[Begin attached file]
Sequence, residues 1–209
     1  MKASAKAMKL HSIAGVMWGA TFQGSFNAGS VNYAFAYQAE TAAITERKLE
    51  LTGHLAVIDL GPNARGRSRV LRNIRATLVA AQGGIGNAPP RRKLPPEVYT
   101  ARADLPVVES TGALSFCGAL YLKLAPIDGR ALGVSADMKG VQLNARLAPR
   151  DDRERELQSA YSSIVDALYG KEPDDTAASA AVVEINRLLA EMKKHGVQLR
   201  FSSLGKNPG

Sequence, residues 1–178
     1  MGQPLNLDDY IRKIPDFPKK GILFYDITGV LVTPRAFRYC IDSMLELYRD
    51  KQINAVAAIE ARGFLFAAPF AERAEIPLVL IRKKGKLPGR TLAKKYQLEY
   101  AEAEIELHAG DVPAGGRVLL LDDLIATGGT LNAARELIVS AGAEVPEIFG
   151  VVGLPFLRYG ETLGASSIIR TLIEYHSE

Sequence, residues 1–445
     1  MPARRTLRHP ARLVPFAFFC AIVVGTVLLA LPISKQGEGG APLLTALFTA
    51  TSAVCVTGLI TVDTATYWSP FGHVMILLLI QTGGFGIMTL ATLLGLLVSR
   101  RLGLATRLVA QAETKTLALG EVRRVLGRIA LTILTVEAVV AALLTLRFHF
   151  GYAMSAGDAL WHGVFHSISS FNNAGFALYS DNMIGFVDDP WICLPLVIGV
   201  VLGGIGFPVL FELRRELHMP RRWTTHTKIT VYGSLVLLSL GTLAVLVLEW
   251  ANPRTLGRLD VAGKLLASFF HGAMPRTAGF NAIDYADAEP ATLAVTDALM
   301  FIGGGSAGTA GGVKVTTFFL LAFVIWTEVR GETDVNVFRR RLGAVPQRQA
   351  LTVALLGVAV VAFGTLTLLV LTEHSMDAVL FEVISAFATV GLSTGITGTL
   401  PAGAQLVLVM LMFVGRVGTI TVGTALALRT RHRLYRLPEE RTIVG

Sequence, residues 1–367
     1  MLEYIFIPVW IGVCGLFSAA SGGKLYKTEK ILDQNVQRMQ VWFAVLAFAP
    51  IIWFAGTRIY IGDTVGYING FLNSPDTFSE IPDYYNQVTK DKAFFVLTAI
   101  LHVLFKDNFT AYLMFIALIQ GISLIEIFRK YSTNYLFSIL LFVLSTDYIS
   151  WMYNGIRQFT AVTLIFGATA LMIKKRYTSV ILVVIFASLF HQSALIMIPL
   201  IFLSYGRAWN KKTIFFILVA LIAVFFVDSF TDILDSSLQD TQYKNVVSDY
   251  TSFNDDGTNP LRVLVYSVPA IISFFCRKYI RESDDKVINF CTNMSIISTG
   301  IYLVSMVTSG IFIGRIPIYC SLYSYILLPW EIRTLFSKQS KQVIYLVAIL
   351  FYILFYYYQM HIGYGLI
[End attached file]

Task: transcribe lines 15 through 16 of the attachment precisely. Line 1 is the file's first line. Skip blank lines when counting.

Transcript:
   101  RLGLATRLVA QAETKTLALG EVRRVLGRIA LTILTVEAVV AALLTLRFHF
   151  GYAMSAGDAL WHGVFHSISS FNNAGFALYS DNMIGFVDDP WICLPLVIGV